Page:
On the surface, Macomber looks like a well-to-do, groomed sportsman. He is thirty-five years old, wealthy, and knows all about "duck shooting, about fishing, trout, salmon and big-sea, [...] about all court games, about dogs, not much about horses, about hanging on to his money, about most of the other things his world dealt in" (3.17). He enjoys life as a member of the upper crust, for whom leisure time and travel are abundant and money is no object at all. He knows just enough about hunting and absolutely no more. None of the animals he has confronted is "dangerous game," as Wilson calls them.
Even though Macomber's clothes are new, his outlook is naïve, and he's a trembling wreck out in the field, as the narrator describes him: "The fear was still there like a cold, slimy hollow in all the emptiness where once his confidence had been and it made him feel sick" (2.10). Wilson becomes disgusted more by Macomber's whining than by his failure on the field. He even refers to Macomber as a "four letter man" (1.61) – which four letters we'll never know, but it's probably not "dude." All of Macomber's talent at "court games" (you know, squash, handball, and all those oh-so-manly sports) doesn't mean anything to Wilson (or to a lion, for that matter).
Initially, Macomber approaches the safari not unlike the society columnist who gets his references from "Old Simba the lion, the buffalo, Tembo the elephant" (3.18). He wants to go hunting, because that's what men like him do, not because it's what he actually wants to do. Deep down, he is terrified, and definitely does not know what he is in for.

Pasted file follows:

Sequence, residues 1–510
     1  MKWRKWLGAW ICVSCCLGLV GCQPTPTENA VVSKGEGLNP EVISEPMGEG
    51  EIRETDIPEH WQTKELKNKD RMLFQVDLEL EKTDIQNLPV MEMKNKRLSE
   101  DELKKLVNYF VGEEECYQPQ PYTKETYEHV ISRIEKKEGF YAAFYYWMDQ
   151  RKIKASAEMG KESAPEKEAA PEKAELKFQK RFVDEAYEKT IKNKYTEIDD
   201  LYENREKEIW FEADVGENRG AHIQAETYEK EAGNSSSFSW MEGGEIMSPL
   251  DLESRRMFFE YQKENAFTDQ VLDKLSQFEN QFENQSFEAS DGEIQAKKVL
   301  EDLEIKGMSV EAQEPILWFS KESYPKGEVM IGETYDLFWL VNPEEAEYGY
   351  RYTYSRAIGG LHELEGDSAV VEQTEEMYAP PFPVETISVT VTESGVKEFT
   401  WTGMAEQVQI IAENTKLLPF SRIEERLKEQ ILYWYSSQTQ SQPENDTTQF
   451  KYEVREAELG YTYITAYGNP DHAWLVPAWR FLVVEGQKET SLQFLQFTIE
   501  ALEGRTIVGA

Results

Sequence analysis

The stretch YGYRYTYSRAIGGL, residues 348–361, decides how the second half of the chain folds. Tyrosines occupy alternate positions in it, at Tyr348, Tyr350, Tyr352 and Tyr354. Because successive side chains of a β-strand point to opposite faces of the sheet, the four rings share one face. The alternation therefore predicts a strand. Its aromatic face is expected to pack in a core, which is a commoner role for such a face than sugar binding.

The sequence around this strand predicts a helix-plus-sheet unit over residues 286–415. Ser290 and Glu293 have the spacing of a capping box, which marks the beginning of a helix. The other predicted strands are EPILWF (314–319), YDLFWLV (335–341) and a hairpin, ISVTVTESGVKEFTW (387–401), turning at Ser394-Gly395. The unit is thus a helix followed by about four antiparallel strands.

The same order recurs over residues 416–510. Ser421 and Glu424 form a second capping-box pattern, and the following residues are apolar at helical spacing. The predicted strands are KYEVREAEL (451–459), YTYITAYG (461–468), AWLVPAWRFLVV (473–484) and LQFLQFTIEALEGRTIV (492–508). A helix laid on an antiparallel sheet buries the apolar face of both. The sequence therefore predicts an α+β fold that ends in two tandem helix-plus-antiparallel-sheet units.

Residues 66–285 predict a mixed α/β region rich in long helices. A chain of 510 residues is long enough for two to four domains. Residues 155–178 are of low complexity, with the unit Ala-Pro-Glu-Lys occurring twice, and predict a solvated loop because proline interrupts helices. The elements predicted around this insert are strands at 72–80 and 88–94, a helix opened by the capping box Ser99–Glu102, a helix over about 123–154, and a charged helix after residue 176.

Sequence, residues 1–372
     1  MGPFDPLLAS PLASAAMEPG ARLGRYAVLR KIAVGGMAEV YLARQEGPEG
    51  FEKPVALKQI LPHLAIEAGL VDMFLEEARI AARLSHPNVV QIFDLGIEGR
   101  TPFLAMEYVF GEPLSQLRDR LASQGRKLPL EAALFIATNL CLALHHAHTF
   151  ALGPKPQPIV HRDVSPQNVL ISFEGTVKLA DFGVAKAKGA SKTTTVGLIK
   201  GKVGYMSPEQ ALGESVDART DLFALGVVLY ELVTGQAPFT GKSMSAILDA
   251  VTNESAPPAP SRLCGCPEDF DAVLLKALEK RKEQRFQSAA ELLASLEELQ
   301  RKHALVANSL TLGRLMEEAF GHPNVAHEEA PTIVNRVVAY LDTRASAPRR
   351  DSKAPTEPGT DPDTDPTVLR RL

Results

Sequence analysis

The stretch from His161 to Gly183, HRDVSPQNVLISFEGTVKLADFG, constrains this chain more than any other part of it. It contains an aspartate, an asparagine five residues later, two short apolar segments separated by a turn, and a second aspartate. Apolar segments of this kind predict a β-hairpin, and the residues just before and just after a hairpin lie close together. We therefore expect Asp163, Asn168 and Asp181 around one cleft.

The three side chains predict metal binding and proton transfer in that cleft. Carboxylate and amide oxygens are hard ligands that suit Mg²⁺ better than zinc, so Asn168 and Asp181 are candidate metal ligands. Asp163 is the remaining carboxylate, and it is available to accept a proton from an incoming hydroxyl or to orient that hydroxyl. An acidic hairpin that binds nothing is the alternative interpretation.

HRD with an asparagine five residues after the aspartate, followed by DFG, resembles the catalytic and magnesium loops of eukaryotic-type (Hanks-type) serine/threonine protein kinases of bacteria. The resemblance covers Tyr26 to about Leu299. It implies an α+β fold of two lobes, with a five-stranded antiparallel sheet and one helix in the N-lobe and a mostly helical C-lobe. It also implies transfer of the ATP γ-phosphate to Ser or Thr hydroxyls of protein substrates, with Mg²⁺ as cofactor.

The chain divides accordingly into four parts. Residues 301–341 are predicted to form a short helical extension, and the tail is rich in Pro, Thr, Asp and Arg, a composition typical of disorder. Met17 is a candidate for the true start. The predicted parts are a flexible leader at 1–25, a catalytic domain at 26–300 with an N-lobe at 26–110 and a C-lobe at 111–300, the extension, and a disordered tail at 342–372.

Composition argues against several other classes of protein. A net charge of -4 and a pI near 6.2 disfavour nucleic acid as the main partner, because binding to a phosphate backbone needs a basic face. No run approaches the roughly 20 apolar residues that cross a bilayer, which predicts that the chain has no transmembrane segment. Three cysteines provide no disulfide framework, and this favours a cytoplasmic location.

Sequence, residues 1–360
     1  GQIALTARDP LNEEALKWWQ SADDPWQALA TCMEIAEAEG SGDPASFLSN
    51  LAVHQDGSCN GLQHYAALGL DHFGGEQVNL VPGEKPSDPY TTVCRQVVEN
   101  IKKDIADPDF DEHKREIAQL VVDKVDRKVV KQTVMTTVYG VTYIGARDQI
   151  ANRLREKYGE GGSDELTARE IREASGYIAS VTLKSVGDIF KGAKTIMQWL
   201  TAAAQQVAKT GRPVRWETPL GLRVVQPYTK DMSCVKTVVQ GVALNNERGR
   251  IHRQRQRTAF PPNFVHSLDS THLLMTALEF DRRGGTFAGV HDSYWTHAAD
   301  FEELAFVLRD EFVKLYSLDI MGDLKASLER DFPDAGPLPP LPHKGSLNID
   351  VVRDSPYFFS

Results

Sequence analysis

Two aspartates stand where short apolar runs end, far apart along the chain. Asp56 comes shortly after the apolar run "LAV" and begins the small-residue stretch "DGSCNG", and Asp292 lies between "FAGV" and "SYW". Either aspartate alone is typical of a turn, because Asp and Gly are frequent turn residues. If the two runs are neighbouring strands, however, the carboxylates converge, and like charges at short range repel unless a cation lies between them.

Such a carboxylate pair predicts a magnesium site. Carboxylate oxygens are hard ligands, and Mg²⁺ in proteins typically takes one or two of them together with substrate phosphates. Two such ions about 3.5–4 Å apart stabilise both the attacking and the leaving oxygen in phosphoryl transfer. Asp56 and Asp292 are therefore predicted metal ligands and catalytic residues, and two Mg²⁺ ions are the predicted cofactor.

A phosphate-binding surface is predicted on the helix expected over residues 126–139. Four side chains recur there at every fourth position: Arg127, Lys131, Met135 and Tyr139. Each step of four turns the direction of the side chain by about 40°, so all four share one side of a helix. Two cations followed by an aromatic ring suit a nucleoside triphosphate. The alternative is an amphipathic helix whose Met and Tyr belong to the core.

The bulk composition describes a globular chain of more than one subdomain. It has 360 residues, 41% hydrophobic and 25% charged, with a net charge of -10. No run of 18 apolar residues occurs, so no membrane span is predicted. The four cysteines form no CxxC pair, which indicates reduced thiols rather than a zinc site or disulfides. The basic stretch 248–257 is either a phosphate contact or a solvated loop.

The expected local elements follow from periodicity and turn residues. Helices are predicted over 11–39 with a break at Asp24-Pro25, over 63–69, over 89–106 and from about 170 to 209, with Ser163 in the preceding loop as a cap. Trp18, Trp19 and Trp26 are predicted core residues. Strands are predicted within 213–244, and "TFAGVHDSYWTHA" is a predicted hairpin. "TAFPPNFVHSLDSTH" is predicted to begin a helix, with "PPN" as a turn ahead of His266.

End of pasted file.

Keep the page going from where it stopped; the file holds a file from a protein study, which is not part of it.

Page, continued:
This hapless helplessness is mirrored in his totally dysfunctional relationship with his wife. Before the buffalo hunt, she plainly wears the pants in the relationship, and the most he can muster in response to her badgering is, "'Why not let up on the b****ery just a little, Margot.'" That's hardly the impassioned defense we might expect from a husband whose very manhood has been insulted.
But Macomber undergoes a radical change in the course of the story's few pages. When he kills the buffalo, he becomes a man, finds happiness, and throws off the chains of his harassing wife. Though he has been symbolically associated with prey (running like a rabbit) to his wife's predator, once he kills the buffalo, he starts to take some of the power back.
That is, until he dies at her hand. But hey, at least he dies believing he's on top. At the end, his wife's cheating and his hatred for Wilson no longer matter. He is the scared rabbit no more. Stirred by his success in shooting the buffalo, Macomber goes, in Wilson's words, from being "scared sick" to being "a ruddy fire eater" (4.56) He says himself he feels "absolutely different." (4.10). Maybe we can take that as a small consolation, then; his death comes right as he finds happiness, meaning, and courage.